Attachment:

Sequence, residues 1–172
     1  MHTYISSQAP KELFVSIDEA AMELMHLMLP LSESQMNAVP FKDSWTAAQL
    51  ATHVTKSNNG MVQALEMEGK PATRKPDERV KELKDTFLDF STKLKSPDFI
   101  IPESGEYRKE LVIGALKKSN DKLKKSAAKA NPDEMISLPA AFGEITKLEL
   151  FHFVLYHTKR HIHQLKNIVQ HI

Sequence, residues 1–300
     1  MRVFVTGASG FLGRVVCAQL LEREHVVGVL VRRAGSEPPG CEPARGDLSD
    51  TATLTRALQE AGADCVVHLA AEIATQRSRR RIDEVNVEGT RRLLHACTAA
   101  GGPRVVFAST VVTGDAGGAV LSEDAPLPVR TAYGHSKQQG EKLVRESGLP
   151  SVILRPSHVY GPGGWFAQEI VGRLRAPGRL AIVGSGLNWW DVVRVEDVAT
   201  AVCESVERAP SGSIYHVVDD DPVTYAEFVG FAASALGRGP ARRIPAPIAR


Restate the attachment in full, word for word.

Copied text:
Sequence, residues 1–172
     1  MHTYISSQAP KELFVSIDEA AMELMHLMLP LSESQMNAVP FKDSWTAAQL
    51  ATHVTKSNNG MVQALEMEGK PATRKPDERV KELKDTFLDF STKLKSPDFI
   101  IPESGEYRKE LVIGALKKSN DKLKKSAAKA NPDEMISLPA AFGEITKLEL
   151  FHFVLYHTKR HIHQLKNIVQ HI

Sequence, residues 1–300
     1  MRVFVTGASG FLGRVVCAQL LEREHVVGVL VRRAGSEPPG CEPARGDLSD
    51  TATLTRALQE AGADCVVHLA AEIATQRSRR RIDEVNVEGT RRLLHACTAA
   101  GGPRVVFAST VVTGDAGGAV LSEDAPLPVR TAYGHSKQQG EKLVRESGLP
   151  SVILRPSHVY GPGGWFAQEI VGRLRAPGRL AIVGSGLNWW DVVRVEDVAT
   201  AVCESVERAP SGSIYHVVDD DPVTYAEFVG FAASALGRGP ARRIPAPIAR